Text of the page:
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Benefits of a Fasting Diet – Calorie Restriction, Exercise and Weight Loss

The simplest fasting definition is that it is the practice of abstaining from all or some kinds of food and/or drink. Intermittent fasting for weight loss is rapidly increasing in popularity as people search for easy-to-follow diets that fit around their busy lifestyles. But, there are also lots of other fasting health benefits including lower cholesterol, lower blood pressure, and improved body fat measurements. Calorie restriction is even said to delay the symptoms of Alzheimer’s. Other reasons to fast include improving the structure of your eating by increasing hunger awareness and breaking snacking habits, as well as the social flexibility that some other diets don’t offer.

In this post, we’ll cover types of fasting, the benefits of fasting, and how to stay healthy and keep up your workout routine while sticking to your fasting diet.


Types of Fasting

There are several types of fasting that are particularly popular:

  • 16:8 diet – otherwise known as time-restricted feeding, fasting takes place for 16 hours per day. You are free to eat whatever you want for the other eight hours. With this diet, it’s best to pick an early eating window when your body is better at processing sugar.
  • Alternate day fasting – one day you limit your eating to 500 calories, and the next day you can eat whatever you want. This process repeats for the duration of the diet.
  • 5:2 plan – you can eat anything you want for five days of the week, but for two days your calorie intake is limited to 600 calories for men and 500 calories for women. It’s recommended that you limit your eating to between 12 pm and 8 pm on fasting days. 
  • Eat-stop-eat – this is one of the most extreme versions of fasting and requires you to consume nothing but water for a 24-hour period once or twice per week.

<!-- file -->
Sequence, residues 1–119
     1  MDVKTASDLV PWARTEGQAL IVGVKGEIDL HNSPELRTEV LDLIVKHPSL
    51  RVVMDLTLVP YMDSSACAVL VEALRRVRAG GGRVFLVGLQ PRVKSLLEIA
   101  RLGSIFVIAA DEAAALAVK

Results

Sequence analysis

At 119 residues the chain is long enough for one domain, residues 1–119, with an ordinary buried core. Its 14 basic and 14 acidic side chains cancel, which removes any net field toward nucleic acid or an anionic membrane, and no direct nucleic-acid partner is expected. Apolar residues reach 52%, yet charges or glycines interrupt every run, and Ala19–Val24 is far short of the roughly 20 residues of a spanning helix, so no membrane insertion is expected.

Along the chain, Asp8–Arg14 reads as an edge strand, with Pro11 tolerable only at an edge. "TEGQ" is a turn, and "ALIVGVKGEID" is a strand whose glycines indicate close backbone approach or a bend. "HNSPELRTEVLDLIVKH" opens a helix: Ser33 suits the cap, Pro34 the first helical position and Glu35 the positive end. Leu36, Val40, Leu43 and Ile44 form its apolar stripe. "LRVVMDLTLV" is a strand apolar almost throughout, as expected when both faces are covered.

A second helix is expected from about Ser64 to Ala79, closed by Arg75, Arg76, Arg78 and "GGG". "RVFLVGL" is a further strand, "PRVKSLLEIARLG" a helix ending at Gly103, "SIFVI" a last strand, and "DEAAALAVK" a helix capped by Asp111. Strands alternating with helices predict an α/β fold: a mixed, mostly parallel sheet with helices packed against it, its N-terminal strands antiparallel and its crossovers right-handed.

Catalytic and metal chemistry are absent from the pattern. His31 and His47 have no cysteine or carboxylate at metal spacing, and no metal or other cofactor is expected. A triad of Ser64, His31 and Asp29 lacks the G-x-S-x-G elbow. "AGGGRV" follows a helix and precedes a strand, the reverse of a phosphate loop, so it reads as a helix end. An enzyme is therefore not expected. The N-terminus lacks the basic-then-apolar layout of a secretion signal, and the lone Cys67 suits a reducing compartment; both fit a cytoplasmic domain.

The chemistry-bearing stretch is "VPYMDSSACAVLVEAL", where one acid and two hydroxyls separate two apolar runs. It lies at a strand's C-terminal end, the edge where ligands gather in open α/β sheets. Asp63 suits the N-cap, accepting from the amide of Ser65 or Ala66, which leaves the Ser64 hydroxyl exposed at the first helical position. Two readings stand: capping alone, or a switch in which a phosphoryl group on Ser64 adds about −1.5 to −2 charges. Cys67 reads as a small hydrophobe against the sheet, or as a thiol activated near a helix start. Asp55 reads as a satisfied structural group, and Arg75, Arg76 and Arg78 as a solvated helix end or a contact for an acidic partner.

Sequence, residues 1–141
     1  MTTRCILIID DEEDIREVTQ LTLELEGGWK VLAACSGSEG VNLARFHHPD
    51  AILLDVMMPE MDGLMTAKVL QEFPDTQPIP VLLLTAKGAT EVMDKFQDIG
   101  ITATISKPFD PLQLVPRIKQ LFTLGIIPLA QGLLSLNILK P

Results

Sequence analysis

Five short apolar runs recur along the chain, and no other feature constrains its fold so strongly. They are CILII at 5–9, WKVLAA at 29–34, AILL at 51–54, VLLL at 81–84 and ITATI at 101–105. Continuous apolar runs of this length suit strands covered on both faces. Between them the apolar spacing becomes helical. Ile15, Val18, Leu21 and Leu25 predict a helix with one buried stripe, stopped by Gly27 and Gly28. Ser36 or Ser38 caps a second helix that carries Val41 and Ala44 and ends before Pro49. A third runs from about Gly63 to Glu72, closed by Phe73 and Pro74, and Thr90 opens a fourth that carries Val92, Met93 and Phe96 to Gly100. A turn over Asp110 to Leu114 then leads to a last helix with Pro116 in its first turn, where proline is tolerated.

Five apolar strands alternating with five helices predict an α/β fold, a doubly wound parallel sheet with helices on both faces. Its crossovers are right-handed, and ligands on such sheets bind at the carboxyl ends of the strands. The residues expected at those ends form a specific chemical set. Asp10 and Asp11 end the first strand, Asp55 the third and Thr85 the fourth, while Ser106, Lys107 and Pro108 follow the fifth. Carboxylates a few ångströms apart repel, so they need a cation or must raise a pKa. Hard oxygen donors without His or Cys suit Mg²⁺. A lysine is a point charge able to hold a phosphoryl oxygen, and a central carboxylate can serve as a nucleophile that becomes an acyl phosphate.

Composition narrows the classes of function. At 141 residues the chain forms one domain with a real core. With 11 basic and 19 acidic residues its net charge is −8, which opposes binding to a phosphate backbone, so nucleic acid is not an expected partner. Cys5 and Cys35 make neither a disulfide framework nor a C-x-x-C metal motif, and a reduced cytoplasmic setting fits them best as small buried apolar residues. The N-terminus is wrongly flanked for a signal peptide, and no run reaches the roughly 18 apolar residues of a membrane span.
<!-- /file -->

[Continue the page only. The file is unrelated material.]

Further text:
What Can You Eat During Fasting?

With regards to what you can eat and drink during fasting, that all depends on which plan you’re following. With intermittent fasting diets like the 5:2 diet, you can eat and drink whatever you like as long as you don’t go over the calorie allowance on the fasting days. It goes without saying that you should still aim to eat a healthy, balanced diet during your non-fasting periods rather than pigging out on candy and junk food.

On the eat-stop-eat fasting diet, no calories should be consumed during fasts. There are some liquids that are ok, though. Obviously, water is calorie-free and should be consumed in abundance. You might also consider adding a teaspoon of baking soda into your water as it can reduce fatigue, relieve constipation and bloating, and keep your sodium levels in check. Black coffee is calorie-free and full of antioxidants that your body needs to stay healthy, as are various teas including green, licorice, and cinnamon. Caffeinated tea and coffee will also help improve concentration and boost your energy when your blood sugar levels are low.

With regards to the times that you can eat, it’s important to get organized with your intermittent fasting schedule. Otherwise, it can be all too easy to go over your calorie count out of convenience. Download a calorie counting app like My Fitness Pal and plan your meals ahead of time, and if you intend to use a plan which only requires fasting on certain days, schedule those according to your work and social commitments to make your diet as easy as possible to stick to. 


How to Suppress Hunger during Intermittent Fasting

Hunger is obviously the main challenge with intermittent fasting and is the reason why many people can’t maintain this diet for a substantial period of time. But, being smart about what you eat when you can eat can make it much easier. One way to suppress hunger is to eat high fiber foods such as nuts, beans, fruits, and vegetables during your eating window. Chewing high-fiber gummies can also keep you away from the cookie jar when you’re struggling.

High protein foods can have the same effect, so fill up on meat, fish or tofu during your eating times. Often, people are actually thirsty when they think they’re hungry, so reach for your water bottle before you reach for a snack.